Numerous structural and functional reasons explain why the labrum is so often involved with shoulder pathology. First, the superior portion of the labrum is only loosely attached to the adjacent glenoid rim. Second, approximately 50% of the fibers of the long head of the biceps tendon are direct extensions of the superior glenoid labrum. Large forces that tax the biceps tendon can partially detach or tear the loosely attached superior labrum. Most often, this type of injury results in a SLAP lesion (Superior Labrum from Anterior to Posterior), which involves the superior aspect of the labrum. This is a relatively common occurrence in throwing athletes such as baseball pitchers. Symptoms of SLAP lesions often involve pain with overhead activities and “clicking” or “popping” of the shoulder. Bankart lesions, on the other hand, involve tears to the anterior-inferior portion of the glenoid labrum. This type of injury often results from a traumatic anterior dislocation of the humerus. Patients with Bankart lesions typically complain of significant shoulder instability, or feel as if the shoulder could “pop out” during various activities.

Regardless of the type of lesion, surgery may be indicated if the tear of the labrum is large—or if conservative methods of treatment are unsuccessful. Physical therapy for these conditions usually involves regaining strength and range of motion and participating in a muscle stabilization program that fits the needs of the patient.


The GH joint is a ball-and-socket joint that allows 3 degrees of freedom. The primary motions of this joint are abduction and adduction, flexion and extension, and internal and external rotation (Figure 4-13). Horizontal abduction and horizontal adduction are commonly used terms to describe special motions of the shoulder and are described in the following section.

Abduction and Adduction

Abduction and adduction of the GH joint occur in the frontal plane about an anterior-posterior axis of rotation, which courses through the humeral head. Normally, the GH joint allows approximately 120 degrees of abduction; the full 180 degrees of shoulder abduction normally occurs by combining 60 degrees of scapular upward rotation with the abduction of the GH joint. This important concept is discussed further in a subsequent section.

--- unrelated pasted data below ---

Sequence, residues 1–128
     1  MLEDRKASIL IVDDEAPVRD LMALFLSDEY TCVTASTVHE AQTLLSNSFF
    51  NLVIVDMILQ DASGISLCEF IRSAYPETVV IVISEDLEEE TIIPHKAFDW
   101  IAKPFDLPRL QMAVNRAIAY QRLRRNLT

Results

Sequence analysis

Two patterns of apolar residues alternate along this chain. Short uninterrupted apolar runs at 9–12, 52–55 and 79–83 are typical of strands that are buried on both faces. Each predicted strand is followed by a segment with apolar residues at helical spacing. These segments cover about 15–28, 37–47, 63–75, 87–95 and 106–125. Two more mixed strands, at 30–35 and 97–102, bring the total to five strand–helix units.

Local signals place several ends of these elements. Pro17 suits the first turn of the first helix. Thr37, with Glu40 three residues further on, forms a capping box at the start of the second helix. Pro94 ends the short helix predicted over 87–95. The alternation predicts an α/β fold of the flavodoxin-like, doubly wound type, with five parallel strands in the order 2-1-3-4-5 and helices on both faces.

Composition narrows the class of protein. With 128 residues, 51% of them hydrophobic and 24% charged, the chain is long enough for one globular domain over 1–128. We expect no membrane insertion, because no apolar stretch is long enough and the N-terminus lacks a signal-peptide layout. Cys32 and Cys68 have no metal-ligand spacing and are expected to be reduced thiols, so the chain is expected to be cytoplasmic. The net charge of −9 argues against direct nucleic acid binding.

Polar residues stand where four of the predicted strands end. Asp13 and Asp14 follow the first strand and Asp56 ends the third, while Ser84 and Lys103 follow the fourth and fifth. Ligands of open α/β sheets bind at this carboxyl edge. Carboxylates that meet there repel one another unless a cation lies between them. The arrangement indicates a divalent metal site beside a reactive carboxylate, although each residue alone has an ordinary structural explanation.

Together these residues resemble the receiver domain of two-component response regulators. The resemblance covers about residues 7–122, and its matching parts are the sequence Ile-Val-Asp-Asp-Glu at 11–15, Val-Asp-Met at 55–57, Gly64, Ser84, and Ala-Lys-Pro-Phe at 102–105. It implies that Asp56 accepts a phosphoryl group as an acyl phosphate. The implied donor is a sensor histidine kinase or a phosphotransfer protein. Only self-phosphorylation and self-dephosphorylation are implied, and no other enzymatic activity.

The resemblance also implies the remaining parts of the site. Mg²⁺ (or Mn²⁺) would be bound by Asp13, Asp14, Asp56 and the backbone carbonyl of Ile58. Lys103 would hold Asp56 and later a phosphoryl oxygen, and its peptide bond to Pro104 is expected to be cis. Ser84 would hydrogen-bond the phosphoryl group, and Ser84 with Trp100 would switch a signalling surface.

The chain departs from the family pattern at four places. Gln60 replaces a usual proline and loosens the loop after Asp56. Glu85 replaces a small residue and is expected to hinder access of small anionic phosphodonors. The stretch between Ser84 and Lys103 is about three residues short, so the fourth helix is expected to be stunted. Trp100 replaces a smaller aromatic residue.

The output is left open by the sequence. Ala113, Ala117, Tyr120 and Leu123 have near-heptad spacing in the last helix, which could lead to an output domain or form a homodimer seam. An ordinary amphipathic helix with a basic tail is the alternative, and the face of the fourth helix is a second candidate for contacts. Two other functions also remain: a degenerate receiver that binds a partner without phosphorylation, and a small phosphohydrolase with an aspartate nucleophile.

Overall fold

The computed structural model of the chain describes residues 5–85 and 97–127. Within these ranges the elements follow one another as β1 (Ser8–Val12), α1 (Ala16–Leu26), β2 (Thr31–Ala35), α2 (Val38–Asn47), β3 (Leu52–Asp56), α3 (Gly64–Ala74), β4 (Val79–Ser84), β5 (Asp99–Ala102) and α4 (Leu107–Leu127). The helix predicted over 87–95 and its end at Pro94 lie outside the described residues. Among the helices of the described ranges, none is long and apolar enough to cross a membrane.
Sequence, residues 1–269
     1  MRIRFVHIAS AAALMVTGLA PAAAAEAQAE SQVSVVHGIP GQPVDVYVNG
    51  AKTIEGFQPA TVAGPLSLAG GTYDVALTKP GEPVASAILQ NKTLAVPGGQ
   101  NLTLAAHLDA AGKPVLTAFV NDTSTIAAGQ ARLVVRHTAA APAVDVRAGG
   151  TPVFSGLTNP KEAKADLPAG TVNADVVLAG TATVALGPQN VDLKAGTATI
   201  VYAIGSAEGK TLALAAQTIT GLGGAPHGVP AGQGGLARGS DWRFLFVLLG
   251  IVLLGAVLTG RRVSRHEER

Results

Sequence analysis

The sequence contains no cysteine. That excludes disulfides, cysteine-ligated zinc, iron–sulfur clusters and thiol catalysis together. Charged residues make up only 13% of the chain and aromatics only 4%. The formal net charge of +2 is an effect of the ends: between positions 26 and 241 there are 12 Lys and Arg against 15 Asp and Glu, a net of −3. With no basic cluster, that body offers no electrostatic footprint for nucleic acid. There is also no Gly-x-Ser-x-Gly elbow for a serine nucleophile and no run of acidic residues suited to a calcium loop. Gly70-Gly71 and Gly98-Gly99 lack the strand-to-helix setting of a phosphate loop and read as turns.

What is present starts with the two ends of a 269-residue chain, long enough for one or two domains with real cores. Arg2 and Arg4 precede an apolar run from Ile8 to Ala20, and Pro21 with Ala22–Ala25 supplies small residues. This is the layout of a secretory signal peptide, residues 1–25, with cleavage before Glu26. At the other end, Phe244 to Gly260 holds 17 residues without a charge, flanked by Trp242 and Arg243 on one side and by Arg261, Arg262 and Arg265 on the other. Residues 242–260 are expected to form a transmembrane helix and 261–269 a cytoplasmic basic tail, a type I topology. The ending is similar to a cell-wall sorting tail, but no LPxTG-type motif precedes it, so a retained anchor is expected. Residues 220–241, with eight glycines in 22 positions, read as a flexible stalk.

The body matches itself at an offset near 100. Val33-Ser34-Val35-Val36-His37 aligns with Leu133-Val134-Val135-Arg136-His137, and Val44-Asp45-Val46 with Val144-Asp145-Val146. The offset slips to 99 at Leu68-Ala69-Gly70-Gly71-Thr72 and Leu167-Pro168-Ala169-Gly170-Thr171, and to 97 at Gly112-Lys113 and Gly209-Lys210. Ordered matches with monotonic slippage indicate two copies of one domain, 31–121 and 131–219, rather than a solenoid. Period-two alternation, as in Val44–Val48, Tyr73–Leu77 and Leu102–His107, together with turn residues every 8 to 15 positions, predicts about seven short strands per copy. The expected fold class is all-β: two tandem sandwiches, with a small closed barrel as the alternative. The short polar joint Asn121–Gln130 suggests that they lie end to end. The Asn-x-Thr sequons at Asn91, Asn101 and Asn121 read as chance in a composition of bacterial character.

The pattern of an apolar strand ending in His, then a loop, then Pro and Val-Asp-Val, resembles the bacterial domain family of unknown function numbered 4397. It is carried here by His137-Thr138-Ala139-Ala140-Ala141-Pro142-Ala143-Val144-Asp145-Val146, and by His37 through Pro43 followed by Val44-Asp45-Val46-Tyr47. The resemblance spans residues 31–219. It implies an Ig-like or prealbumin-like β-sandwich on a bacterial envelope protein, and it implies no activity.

The arthrokinematics of abduction involves the convex head of the humerus rolling superiorly while simultaneously sliding inferiorly (Figure 4-14, A). Without an inferior slide, the upward roll of the humerus will result in the humeral head jamming into the acromion. This is known as impingement and often results in damage to the supraspinatus muscle or the subacromial bursa, which becomes pinched between these two bony structures (Figure 4-14, B). The arthrokinematics of GH joint adduction is the same as that of shoulder abduction but in the reverse direction.

Internal and External Rotation

Internal and external rotation of the GH joint occurs in the horizontal plane about a vertical (longitudinal) axis of rotation (see Figure 4-13). Internal rotation results in the anterior surface of the humerus rotating medially, toward the midline, whereas external rotation results in the anterior surface of the humerus rotating laterally, away from the midline.

Interaction Among the Joints of the Shoulder Complex